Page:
How to Recognize the Signs of Elder Abuse


Compliments of CertifiedCare.org, the caregiver education and certification company

“Quality credentials for quality caregivers”

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With an increasing population of elderly as a result of the Baby Boom generation, statistics show that elder abuse is more prevalent than ever. According to the Administration on Aging every year an estimated 2.1 million older Americans are victims of elder abuse, neglect, or exploitation. And that’s only part of the picture: Experts believe that for every case of elder abuse or neglect reported, as many as five cases go unreported. One study recognized that for every case of elder abuse reported to agencies nearly 25 go unreported!

You might be surprised to know that most abusers are not professional caregivers.  Most elder abusers are family members of the abused.

Elder abuse will happen, but everyone can act to protect seniors.

Abuse of an elderly person take many forms.  Elder abuse takes many forms, be aggressive or non-responsive in nature, but can be distilled down to three main categories:  physical, mental or financial. If you observe any blatant signs of abuse — name-calling, threats, intimate contact, unreasonable restraints, withholding of food or medication, etc. — you should take immediate steps to stop it.

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Elder abuse, however, is rarely that obvious.

Many of the conditions and events listed below may be caused by occurrences unrelated to abuse, but then again maybe your relative is being abused. Use this basic elder abuse checklist to quantify possible signs. If you notice the following occurrences or conditions, it is important to carefully monitor your relative’s care or alert the authorities. To report suspected abuse,  contact your local adult protective services agency. For state reporting numbers, call the Eldercare Locator at 1-800-677-1116.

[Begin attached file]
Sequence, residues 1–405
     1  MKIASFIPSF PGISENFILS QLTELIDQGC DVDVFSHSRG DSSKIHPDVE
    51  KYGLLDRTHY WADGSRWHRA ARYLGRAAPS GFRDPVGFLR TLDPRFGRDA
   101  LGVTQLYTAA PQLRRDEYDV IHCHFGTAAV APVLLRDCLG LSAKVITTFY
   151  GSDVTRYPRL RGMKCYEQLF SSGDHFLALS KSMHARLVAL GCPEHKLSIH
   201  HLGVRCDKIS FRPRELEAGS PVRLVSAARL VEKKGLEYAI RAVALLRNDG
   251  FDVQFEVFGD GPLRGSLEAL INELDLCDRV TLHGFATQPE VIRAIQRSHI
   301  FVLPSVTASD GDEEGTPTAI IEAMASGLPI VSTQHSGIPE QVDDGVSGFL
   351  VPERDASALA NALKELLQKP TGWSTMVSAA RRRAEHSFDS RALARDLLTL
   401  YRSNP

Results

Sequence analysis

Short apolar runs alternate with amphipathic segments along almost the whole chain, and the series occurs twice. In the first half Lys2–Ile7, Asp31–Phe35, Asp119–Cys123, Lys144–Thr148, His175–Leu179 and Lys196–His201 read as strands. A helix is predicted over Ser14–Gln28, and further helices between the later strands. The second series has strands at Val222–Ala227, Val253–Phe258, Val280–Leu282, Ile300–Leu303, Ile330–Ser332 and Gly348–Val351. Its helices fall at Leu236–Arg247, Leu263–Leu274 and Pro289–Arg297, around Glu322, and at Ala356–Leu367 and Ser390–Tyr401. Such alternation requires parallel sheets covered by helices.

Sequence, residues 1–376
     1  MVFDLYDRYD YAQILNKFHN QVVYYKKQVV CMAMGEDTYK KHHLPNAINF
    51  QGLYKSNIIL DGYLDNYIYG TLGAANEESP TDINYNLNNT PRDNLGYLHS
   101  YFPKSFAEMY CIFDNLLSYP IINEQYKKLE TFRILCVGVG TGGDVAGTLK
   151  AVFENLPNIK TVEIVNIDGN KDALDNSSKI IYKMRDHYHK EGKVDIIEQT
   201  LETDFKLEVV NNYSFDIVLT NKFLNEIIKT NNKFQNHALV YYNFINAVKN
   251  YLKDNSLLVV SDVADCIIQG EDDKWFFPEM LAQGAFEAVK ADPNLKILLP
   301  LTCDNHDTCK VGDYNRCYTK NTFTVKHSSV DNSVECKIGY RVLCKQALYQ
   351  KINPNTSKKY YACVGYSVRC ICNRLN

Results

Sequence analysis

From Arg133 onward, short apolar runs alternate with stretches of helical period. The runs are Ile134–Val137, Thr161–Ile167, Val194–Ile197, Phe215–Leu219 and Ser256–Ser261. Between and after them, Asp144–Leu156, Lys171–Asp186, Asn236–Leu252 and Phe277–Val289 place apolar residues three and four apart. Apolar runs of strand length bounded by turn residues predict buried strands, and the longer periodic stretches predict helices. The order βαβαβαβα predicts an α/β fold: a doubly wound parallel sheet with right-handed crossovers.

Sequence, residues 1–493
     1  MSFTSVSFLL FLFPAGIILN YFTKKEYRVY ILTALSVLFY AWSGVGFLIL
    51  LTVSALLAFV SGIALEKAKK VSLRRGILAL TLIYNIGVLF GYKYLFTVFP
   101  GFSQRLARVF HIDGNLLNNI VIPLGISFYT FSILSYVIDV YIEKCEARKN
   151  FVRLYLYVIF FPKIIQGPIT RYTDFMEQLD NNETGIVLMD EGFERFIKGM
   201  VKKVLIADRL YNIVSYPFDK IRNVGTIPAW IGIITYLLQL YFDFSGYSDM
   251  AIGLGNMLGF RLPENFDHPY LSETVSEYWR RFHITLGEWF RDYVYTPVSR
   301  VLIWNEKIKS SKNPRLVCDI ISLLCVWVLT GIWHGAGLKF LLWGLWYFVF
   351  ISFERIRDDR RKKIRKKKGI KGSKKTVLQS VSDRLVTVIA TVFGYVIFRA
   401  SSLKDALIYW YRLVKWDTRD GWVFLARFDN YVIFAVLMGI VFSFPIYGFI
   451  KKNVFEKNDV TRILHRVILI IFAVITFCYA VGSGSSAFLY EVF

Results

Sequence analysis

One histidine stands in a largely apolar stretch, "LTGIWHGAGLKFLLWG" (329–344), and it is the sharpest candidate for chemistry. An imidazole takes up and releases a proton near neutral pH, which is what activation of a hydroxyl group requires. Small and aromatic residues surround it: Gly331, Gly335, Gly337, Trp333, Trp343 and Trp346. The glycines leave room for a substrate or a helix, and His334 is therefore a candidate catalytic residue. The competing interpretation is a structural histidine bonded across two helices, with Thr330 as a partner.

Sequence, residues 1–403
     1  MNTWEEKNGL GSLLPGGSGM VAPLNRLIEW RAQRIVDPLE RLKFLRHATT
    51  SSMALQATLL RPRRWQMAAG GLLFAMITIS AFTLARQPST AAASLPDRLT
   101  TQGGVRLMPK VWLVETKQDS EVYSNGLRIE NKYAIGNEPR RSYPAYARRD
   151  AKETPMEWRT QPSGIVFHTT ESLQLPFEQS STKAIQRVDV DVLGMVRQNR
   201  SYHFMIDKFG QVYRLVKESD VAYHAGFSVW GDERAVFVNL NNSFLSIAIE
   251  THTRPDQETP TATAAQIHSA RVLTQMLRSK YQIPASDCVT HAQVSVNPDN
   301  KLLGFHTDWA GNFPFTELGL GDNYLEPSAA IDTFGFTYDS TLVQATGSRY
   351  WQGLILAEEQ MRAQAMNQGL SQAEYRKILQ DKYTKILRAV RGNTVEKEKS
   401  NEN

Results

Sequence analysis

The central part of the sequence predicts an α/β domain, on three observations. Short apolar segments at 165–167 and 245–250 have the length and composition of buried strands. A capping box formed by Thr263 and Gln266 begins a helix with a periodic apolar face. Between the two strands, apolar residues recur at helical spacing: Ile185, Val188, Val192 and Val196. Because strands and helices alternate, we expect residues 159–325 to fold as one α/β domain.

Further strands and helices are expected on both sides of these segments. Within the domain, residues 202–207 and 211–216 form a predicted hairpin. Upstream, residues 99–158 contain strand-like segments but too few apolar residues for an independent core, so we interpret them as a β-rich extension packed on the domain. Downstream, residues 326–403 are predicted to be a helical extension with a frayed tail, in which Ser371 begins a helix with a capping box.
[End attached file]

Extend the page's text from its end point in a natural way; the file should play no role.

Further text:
Be mindful that an accusation or even suggestion of elder abuse is a very serious thing, and should not be undertaken lightly or carelessly.

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Physical or mental abuse may be causing the following conditions:

Unexplained agitation

Depression or withdrawal

Hesitation to talk openly

Fearfulness of caregivers

Confusing or contradictory statements by an otherwise competent senior

Resignation or denial of conditions

Recurring or unexplained injuries

A combination of new and old injuries

Implausible explanations of injuries or conditions

Denial of an injured state

Injuries without underlying diseases, or incompatible with medical history, including cuts, lacerations, puncture wounds, bruises, welts or discoloration

Any injury that looks like it may be have been caused by cigarettes, caustics, acids, friction from ropes or chains or contact with other objects

Poorly treated or untreated injuries

Injuries in areas usually covered by clothing

Poor skin condition/poor skin hygiene/lice

Absence of hair and/or hemorrhaging below the scalp

Dehydration or malnutrition that is unrelated to illness